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Cry: Thousands of gallons of milk are poured down the drain every year, thanks to US state laws
An op-ed by Emily Broad Leib. Glug, glug, glug… That’s the sound of milk being poured down the drain in Montana. Montana wastes untold amounts of milk every day due to an outdated law that requires a “sell by” date of 12 days after pasteurization and prohibits sale or donation after that date. This date is completely arbitrary, especially when compared to the industry standard for date labeling on milk—generally 21-24 days after pasteurization. Even more shocking, the date label on milk, like on most foods, is generally meant to indicate quality rather than its safety. Because pasteurization kills any harmful pathogens, milk is safe and generally still good well past the date. Montana’s is just one of many US state laws that cause confusion and massive amounts of waste. Even if food makes it to a home, more than 90% of Americans report that they mistake those quality dates labels for safety indicators, and subsequently throw away food that is still completely safe to eat. Confusion over date labels is a major contributor to the 160 billion pounds of food wasted each year in the US.
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Harvard Gazette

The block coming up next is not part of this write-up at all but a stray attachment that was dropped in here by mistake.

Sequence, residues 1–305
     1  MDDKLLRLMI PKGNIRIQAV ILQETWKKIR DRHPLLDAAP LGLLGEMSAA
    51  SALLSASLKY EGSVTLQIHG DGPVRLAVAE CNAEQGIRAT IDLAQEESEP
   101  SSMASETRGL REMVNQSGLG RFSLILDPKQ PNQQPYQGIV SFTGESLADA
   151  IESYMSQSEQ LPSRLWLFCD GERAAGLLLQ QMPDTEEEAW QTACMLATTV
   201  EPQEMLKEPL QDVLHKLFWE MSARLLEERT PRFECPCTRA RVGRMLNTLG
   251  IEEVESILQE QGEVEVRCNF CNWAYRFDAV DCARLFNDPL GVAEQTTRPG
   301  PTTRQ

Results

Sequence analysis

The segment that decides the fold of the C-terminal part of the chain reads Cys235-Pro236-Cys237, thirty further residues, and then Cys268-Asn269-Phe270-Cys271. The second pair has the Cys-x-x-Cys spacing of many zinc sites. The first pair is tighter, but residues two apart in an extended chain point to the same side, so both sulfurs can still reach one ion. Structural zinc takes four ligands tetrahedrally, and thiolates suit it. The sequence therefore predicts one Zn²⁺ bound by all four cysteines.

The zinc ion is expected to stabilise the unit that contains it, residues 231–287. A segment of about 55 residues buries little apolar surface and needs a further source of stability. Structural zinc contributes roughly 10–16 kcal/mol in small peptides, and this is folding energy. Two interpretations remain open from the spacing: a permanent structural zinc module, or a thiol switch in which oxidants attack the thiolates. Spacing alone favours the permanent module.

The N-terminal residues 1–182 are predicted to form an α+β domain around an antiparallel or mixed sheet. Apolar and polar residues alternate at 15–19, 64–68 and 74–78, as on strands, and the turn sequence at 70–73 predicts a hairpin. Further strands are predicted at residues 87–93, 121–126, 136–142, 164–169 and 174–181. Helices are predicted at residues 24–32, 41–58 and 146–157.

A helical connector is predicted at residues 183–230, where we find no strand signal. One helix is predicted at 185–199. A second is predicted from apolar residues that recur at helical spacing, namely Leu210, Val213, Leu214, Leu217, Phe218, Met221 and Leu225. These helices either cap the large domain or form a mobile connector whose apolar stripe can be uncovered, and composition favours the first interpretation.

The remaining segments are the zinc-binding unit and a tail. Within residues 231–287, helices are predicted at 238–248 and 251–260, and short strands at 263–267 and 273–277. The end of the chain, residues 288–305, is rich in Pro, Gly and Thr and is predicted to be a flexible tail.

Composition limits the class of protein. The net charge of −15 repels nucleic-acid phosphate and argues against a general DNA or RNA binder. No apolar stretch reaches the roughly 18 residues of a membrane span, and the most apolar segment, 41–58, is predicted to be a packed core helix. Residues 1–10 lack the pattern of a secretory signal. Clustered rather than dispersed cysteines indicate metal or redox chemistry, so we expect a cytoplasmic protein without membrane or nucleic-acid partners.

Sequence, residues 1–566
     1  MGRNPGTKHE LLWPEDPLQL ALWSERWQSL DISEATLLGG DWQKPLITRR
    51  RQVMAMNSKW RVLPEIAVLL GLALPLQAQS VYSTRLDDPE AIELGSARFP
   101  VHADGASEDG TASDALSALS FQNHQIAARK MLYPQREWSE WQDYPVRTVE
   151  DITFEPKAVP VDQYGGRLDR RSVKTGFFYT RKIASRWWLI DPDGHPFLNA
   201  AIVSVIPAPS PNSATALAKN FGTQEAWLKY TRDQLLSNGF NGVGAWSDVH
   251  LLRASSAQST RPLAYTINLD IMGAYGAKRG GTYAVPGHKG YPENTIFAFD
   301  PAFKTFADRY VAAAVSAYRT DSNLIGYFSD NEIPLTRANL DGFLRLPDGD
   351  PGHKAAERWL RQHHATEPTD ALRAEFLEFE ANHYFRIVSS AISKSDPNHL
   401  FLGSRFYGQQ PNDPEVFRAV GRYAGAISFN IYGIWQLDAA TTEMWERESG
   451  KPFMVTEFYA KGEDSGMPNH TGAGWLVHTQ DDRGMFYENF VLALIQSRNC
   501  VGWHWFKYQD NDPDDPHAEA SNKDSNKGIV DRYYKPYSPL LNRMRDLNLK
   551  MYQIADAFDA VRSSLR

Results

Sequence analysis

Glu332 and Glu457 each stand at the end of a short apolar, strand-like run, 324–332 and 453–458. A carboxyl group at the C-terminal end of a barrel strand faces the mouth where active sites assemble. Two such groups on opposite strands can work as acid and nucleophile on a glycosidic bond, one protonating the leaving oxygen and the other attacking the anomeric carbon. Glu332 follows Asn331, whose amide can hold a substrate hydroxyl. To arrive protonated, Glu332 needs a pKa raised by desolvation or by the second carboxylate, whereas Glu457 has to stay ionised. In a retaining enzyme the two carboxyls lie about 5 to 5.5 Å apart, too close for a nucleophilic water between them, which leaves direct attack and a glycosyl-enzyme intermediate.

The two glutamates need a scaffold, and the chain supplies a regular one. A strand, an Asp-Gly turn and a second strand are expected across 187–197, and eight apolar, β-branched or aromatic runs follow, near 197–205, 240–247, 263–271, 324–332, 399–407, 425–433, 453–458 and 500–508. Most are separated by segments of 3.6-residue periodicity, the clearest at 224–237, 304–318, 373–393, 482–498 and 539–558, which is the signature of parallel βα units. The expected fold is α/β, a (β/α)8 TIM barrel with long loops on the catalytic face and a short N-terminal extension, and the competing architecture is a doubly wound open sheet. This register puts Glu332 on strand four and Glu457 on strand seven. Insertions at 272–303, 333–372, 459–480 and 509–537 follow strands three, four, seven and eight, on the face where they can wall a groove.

Love in the crosshairs
What are the secrets for long-lasting love? Lean closer to find out. — Keep curiosity alive. — Never assume anything about each other. — And, last but not least, open a joint bank account. With Valentine’s Day near, experts in negotiation, mediation, and lasting marriage shared that advice to a rapt audience at a panel called “Negotiating Love: Interpersonal Negotiation and Romantic Relationships,” held today at Harvard Law School (HLS). The session was organized by the Harvard Law School Negotiators, a student group, to spread the word that effective techniques in interpersonal negotiation apply not only to the vagaries of international trade agreements and mergers and acquisitions but also to people’s everyday lives and to relationships with family, friends, and romantic partners.
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The Patriot Ledger
Hot spots: 5 sites kissed by affection
To help starry-eyed lovers celebrate Valentine’s Day, here are five romantic sites to visit in the Boston area...A white marble bench at Harvard Law School is inscribed in all capital letters: “On January 17, 1985, not far from this spot, two people met and fell in love.” Presumably, they met and later fell in love. The letters are carved into the vertical edge of the otherwise simple bench.The bench is outside the Reginald F. Lewis International Law Center, also called Lewis Hall. The two people who fell in love later married and donated the bench, confirmed a spokesman for Harvard Law School, Steven Oliveira. The man was a law student, the woman was not, and they met outdoors. The man is “very very anonymous,” said Oliveira.